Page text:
Photo courtesy of CreateHER Stock Photography.

A taste of HERstory: Reflections on an unforgettable evening

In December, all I knew of HERstory in Black is that it was an idea. Emily Mills, CEO of How She Hustles had decided to step out on faith and share her vision: she wanted to create a digital photo series featuring 150 Canadian Black Women.

Along the way, Emily asked the women of How She Hustles for help. I wasn’t sure of how I could be of service, but I knew one thing: I could write. Currently I live outside of the GTA, and my mobility is somewhat limited. But that little voice inside told me to volunteer anyways. Surely I could do something in spite of my location.

A couple of weeks ago, Emily got in touch with me. Oh, how her project had grown. HERstory in Black now had a home in the form of a microsite on CBC Toronto’s web page. There would be an event in its honour on the 27th of February. Thanks to this new development, she didn’t need me to write about the women included in HERstory. But would I be able to showcase the photographers who made the magic happen?

I nearly fell over.

The Saturday after Emily and I chatted, I spent the afternoon with my girlfriends, Krista and Celeste. I told them all about HERstory in Black, including its celebration.

“You have to go!” Celeste and Krista insisted.

I looked at them as though they were made of cheese. I was already stunned by the thought of writing something about such an important project. I couldn’t imagine showing up at an event in its honour.

In the days after I published my post, Ms. Mills and I messaged each other. She asked if I was sure I couldn’t make it out to the CBC for HERstory in Black. Again, I was taken aback. My brain had been in such a blur since writing about Leilah Dhoré and Ebti Nabag, the idea of actually appearing on Monday seemed like too much of a good thing. Plus, there were logistics. Currently I need a car of my own and a new job. I’m used to not making it out to see people.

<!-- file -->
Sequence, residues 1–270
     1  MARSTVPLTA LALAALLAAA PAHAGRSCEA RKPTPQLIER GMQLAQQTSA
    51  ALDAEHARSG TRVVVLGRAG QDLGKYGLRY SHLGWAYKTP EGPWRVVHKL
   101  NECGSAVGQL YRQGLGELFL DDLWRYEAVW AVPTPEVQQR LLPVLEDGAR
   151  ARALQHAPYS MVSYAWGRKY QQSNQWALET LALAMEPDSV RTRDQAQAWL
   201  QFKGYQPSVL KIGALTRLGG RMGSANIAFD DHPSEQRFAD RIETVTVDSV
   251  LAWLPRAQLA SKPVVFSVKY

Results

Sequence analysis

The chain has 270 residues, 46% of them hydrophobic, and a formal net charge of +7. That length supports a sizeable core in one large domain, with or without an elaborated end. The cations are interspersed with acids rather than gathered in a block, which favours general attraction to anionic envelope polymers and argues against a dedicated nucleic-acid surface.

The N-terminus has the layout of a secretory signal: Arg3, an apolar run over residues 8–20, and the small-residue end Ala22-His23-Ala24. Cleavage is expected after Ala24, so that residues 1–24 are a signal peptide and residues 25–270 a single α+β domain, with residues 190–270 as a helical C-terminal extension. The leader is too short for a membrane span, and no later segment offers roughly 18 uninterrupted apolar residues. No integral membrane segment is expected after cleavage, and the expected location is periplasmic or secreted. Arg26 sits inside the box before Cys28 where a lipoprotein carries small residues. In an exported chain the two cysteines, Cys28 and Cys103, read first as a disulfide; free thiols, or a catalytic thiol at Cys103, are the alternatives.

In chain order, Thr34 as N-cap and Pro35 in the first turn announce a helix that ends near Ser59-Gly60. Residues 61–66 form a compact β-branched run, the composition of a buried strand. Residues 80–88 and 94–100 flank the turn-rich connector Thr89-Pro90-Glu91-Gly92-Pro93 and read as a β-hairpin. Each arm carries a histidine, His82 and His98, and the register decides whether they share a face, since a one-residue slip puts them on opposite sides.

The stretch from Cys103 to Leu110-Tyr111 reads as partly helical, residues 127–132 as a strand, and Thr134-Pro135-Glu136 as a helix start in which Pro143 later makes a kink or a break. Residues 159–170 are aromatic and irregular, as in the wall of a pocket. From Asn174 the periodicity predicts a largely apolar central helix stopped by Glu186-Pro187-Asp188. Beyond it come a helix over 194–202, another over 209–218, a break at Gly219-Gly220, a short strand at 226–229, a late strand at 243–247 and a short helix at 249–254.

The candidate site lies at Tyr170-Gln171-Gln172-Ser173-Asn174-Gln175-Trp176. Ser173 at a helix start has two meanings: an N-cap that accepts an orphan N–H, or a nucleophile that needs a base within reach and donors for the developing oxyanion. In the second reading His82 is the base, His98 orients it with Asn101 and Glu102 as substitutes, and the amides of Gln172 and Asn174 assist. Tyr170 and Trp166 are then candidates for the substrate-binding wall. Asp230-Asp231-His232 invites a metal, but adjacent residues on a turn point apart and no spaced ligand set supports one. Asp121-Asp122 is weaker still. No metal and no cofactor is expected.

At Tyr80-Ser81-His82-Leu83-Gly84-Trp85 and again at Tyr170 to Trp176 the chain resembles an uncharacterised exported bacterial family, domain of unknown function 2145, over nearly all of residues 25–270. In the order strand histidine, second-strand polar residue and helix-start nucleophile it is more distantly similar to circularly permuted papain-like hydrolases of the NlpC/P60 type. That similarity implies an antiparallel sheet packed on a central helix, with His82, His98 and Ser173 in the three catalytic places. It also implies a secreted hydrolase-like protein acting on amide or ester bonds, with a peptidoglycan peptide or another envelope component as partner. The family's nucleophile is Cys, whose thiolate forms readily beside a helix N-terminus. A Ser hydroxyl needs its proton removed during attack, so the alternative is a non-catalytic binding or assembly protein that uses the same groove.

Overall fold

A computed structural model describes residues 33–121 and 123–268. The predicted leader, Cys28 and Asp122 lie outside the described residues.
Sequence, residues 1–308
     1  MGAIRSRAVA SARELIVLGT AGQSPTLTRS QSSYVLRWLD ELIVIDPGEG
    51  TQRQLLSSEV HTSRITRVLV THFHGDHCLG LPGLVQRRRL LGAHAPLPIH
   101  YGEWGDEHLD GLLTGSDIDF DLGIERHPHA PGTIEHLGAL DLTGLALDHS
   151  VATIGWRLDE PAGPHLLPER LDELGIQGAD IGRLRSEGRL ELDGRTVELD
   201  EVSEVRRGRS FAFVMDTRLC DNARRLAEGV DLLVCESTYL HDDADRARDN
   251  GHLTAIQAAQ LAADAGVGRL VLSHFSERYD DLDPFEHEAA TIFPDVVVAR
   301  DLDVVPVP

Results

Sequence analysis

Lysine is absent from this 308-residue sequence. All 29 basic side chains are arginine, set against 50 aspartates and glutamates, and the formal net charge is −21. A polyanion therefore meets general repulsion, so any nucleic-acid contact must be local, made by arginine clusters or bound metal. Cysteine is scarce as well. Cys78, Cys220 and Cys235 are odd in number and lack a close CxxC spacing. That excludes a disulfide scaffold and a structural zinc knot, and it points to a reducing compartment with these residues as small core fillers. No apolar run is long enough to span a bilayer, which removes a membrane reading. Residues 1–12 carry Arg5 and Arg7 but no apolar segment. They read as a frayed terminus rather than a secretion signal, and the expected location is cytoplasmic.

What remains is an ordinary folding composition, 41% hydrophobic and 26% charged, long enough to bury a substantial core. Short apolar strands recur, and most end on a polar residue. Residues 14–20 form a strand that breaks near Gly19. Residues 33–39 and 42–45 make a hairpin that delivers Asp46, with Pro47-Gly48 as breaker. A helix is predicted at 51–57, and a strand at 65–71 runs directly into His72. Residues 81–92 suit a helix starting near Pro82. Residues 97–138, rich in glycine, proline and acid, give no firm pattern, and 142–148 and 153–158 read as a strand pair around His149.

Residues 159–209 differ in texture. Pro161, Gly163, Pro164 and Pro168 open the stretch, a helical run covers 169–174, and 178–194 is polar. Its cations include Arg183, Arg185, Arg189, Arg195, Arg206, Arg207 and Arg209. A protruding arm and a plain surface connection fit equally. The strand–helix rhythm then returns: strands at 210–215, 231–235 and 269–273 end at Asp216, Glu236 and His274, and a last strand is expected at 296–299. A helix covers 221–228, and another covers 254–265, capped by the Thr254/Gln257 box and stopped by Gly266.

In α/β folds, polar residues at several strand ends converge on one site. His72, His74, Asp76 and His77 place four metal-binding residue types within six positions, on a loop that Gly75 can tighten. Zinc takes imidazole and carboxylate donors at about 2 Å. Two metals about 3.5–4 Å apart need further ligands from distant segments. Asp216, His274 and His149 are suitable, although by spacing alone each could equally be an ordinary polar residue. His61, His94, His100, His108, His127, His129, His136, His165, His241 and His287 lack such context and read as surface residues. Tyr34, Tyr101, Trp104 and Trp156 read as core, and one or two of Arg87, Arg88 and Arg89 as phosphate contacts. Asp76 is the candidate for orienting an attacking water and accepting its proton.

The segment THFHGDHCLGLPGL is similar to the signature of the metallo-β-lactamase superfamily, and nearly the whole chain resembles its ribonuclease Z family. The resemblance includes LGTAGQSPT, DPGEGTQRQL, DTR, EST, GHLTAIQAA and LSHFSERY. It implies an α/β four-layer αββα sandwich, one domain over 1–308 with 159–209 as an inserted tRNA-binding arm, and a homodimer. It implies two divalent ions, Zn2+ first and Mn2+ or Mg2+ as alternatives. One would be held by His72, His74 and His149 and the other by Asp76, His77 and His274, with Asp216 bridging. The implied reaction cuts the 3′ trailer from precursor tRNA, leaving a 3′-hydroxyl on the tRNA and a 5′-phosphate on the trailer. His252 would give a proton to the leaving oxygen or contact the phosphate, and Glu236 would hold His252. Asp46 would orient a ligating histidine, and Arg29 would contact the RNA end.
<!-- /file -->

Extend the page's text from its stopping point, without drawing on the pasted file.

How would I get there? The next thing I knew, I was thinking of my friend Celeste. Since I didn’t have wheels, she’d offered to take me. I wondered if she could she be my plus one. Apparently God had the same idea because she won tickets to attend.

She was able to bless her friend Janice with her extra ticket. We got together and along with Marla Brown (one of HERstory’s 150 women) we hit the road.

We arrived at the CBC building around 5:30. The celebration of HERstory in Black was set to begin at 6.

In her latest edition of Facebook Live, Emily Mils mentioned something that I had noticed. On Monday evening, I saw some male musicians and production staff. Yet both behind and in front of the cameras, HERstory in Black was clearly women-driven. How many organizations make a point of hiring us to support an event at every level where we are set to be featured as speakers or performers? Kudos to Emily Mills and the CBC for their vision.